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Okayafrica's Top 10 Music Videos of 2013

See our choices for the most inventive, creative, and boundary-pushing African music videos released in 2013.


The past year saw a flood of eye-grabbing and noteworthy visuals that soundtracked both established and undergrounds acts across our channel. With such abundant choices, we opted to focus our 10 Top African Music Videos of 2013 list on the most inventive, original and boundary-pushing clips and directors from the past 12 months. Click through our ten choices below, listed in no particular order, featuring music videos from Alec Lomami, Burna Boy, Temi Dollface, Stromae, Just A Band and more.

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Alec Lomami "CLV ft. Sammus & Badi Banx." Directed by Thlonepo “Toni” Tlobajane.

Kinshasa-born Alec Lomami’s fantastic clip for "CLV" is crafted around references to video game and arcade culture, with direct nods to Space Invaders, Mortal Kombat, and Snake. Overall, though, it lives as a nostalgic nod to youth and a carefree c'est la vie outlook. Director Thlonepo “Toni” Tlobajane told us the idea behind the video was to "create a futuristic, afrocentric video game world that could be set anywhere — be it Kinshasa, Cape Town or New York." Read our interview with Alec Lomami and director Thlopeni for more on "CLV."

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Interview
Photo courtesy of the director.

Interview: How Félicity Ben Rejeb Price Is Reinventing the Afro-French Music Video

Félicity is the Tunisian music video director birthing a new aesthetic for urban French culture.

Félicity Ben Rejeb Price represents a new generation of imagery in Afro-French hip-hop culture, with clients including top French acts like Dadju, Aya Nakamura, Gims, Niska, SCH and Soolking. She also has a growing catalogue of editorial campaigns for the likes of Adidas, Uber and Converse.

Her current role is a combination of everything she's done so far. A jack of many trades, she's played her hand as an interior decorator, publicist, set designer, stylist, casting director, photographer, and ultimately, artistic director. The detail-oriented Félicity relishes at being able to select the location, models, styling, and the method of filming for her projects.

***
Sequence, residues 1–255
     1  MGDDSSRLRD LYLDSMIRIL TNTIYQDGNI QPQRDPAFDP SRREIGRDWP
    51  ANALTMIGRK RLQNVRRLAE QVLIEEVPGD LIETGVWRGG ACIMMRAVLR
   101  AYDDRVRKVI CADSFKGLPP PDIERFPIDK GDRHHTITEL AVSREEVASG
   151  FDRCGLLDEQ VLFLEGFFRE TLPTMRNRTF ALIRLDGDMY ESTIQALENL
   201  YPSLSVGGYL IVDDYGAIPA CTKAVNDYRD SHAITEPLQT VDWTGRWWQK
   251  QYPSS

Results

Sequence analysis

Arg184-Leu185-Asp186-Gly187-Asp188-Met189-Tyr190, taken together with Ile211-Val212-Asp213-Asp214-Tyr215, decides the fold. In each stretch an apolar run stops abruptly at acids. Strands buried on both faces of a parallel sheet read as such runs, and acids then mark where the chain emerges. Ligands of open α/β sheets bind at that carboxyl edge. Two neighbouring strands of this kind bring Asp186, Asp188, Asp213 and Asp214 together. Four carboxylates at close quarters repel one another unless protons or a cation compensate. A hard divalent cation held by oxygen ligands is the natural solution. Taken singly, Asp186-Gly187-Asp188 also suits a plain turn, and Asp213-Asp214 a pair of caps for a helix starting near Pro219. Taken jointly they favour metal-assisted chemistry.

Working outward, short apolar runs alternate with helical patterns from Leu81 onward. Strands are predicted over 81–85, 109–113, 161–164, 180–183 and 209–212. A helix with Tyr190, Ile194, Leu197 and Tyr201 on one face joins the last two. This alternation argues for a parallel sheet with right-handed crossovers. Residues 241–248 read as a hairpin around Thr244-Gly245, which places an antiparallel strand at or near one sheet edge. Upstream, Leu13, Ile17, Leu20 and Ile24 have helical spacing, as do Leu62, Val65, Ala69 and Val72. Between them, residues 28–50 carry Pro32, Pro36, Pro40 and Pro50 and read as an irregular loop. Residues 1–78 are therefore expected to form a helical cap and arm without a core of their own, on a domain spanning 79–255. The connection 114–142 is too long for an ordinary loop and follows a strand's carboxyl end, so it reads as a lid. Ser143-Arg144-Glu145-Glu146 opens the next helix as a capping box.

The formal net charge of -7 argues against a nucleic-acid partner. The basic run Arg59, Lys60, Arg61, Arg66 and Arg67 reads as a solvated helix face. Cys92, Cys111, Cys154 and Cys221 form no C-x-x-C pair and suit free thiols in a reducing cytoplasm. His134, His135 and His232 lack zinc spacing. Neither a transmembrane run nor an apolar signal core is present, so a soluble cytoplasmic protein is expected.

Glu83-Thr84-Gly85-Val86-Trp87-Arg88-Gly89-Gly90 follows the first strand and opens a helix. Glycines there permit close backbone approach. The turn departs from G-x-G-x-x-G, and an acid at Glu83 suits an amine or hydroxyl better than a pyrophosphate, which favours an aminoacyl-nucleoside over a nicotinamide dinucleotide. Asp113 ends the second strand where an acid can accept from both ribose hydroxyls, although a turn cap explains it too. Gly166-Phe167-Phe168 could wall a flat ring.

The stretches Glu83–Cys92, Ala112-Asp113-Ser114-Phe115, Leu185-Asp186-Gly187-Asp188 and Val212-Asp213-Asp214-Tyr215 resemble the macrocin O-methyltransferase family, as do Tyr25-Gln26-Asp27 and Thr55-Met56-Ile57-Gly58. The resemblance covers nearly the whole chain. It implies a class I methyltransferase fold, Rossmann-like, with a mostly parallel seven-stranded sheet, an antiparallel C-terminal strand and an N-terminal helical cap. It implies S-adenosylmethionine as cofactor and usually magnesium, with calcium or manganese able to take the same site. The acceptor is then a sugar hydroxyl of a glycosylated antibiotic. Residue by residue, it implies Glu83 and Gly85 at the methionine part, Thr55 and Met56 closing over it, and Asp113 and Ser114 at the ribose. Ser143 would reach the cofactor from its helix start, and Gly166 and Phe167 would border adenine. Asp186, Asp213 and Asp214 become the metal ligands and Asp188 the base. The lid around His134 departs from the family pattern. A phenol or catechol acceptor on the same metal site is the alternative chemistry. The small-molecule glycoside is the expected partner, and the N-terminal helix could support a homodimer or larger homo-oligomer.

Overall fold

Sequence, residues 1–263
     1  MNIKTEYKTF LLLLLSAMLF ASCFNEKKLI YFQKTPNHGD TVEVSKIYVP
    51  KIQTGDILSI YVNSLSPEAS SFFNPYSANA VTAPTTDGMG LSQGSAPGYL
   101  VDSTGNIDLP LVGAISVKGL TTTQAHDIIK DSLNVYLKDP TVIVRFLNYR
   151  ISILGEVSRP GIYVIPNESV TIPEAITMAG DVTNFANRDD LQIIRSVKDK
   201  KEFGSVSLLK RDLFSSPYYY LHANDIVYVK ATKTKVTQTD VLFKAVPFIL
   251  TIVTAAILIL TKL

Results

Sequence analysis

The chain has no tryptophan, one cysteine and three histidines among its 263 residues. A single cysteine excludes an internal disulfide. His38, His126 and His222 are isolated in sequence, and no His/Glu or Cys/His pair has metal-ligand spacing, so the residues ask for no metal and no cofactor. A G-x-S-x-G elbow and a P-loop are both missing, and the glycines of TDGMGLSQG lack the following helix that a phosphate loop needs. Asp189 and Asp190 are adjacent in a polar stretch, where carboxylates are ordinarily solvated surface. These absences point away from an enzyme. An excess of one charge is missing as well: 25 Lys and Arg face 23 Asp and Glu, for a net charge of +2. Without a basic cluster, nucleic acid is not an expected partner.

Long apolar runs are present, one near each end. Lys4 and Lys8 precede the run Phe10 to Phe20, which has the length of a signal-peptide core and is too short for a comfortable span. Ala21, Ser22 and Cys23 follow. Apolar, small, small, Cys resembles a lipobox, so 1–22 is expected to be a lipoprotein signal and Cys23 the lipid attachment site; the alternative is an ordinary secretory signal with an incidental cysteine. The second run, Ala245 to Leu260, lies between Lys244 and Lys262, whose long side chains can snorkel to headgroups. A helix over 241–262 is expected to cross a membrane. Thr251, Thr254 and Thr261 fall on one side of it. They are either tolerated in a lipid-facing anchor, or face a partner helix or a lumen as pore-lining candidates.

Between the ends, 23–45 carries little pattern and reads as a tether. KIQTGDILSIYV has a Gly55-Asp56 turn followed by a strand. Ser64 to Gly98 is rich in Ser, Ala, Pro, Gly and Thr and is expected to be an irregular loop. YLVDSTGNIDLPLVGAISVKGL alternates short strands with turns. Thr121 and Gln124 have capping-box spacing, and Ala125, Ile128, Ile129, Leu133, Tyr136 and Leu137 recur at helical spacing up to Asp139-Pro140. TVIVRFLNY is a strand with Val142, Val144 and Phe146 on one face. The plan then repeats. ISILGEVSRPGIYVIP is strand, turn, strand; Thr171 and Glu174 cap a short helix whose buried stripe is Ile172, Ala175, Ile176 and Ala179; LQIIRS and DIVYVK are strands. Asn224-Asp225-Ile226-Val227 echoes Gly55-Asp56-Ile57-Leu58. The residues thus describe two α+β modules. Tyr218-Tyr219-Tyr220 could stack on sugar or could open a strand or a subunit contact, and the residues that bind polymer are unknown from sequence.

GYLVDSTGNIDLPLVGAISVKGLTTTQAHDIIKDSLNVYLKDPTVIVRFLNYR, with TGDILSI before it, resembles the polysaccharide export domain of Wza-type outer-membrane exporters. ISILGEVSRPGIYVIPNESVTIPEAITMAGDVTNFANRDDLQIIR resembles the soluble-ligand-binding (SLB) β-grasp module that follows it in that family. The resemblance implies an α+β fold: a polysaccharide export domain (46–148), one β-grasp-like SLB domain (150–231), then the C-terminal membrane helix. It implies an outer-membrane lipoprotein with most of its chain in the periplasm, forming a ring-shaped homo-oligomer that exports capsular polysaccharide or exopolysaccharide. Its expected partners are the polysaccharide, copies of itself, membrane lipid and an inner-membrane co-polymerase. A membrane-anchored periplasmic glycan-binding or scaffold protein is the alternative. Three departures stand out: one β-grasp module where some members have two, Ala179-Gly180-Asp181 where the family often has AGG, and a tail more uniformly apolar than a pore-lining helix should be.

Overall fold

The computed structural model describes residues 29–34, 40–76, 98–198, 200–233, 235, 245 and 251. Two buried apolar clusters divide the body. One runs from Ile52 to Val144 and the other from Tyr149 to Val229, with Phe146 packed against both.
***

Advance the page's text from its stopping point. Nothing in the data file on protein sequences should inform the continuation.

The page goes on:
Félicity dominates a masculine industry with illustrations that go beyond the typical rap video starter pack—comprised of cars, scantily-clad women, alcohol, and money. Her formula is: film music videos that are mini-films where women such as herself are treated as equals rather than objectified, while also sprinkling in a number of lights and colors.

It's Saturday afternoon in Arizona, where Félicity is shooting a new music video. She pauses to speak with us on the phone about the trajectory of her career.

The article below has been edited and condensed for clarity.

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Video
Photo courtesy of Mike Song / Beating Heart.

Watch Tanzanian Up-and-Comer Mike Song's New Video For 'Temptation'

Video Premiere: "This song is my real story, this is me. I am the kid hustling on the streets, life is hard fighting all day, every day just to get by," says the rising artist Mike Song.

Mike Song's story is a compelling one.

At 17, he was living homeless in Dar Es Salaam, when he saw an ad for a music production workshop in Zanzibar. Mike managed to borrow enough money to make his way over and it was at that workshop that he met Beating Heart Project production team Saronde.